Talking to the British AutoExpress, Lexus's Pascal Ruch says the CT has an important purpose, which is introducing new customers to the Lexus brand. Ruch told AutoExpress that the CT has a high "conquest ratio" of 70-75 percent, and that a CT customer is different from the envisioned UX customer. "I believe that all the segments we are now in, it's important to stay there," added Ruch.
AutoExpress says the CT could be replaced in 2020 with a model that would be offered both as a hybrid and as all-electric, built on Toyota's new TNGA global platform. The hybrid is likely to be the 177-horsepower 2.0-liter unit seen in the new European Auris, which corresponds to the new U.S. market Corolla Hatchback. The CT's successor could be sold as both a conventional hatchback and a more crossover-like version, much like the new Ford Focus and its Active trim level; Ruch says Lexus is thinking through a new approach for the CT.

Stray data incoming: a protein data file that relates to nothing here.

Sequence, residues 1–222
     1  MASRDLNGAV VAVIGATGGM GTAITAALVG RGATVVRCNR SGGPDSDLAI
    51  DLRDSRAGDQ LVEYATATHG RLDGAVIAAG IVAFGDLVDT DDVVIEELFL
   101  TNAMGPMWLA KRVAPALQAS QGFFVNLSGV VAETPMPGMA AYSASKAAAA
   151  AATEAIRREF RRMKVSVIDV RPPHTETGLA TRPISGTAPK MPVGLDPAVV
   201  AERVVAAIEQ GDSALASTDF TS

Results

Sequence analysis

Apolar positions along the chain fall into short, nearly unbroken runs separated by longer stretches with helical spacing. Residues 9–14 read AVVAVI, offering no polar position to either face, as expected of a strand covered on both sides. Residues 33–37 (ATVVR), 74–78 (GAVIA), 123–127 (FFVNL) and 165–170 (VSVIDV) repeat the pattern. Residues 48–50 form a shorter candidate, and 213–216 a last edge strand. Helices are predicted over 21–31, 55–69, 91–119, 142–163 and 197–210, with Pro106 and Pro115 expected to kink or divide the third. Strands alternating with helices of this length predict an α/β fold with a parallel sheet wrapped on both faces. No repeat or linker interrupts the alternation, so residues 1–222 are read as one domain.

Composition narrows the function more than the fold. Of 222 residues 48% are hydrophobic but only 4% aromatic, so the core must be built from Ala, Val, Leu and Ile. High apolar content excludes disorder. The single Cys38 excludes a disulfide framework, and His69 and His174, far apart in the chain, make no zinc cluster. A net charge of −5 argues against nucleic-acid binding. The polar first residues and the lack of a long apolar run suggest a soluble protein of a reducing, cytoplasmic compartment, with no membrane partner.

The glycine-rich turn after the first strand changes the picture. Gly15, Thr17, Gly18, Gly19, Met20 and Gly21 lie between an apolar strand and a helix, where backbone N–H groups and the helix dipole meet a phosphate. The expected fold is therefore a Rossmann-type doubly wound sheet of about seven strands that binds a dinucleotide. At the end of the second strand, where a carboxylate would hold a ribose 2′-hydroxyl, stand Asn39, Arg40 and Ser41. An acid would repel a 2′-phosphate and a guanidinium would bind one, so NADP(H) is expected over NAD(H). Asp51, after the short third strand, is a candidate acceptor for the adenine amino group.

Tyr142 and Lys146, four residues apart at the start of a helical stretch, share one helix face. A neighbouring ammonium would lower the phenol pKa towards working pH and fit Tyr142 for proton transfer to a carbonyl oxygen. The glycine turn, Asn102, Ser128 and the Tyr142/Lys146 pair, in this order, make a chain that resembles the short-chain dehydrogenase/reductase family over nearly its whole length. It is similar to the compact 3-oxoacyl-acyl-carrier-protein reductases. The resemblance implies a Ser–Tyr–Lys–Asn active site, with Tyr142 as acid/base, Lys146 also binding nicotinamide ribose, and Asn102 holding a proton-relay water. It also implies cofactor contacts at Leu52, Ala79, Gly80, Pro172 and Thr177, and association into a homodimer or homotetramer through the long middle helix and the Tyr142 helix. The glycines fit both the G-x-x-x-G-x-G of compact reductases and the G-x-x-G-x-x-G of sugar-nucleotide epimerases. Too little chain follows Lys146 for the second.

The CT was introduced way back in 2011, selling some 15,000-17,000 examples per year in the U.S. until its first really weak year, 2016, which saw less than 9,000 cars sold. The following year, which proved to be its last model year in the United States, sales dropped under 4,700. In Europe, it's different for Lexus: The brand overall sells only some 45,000 cars per year, and the CT's steady sales of more than 8,000 cars per year are quite important for it.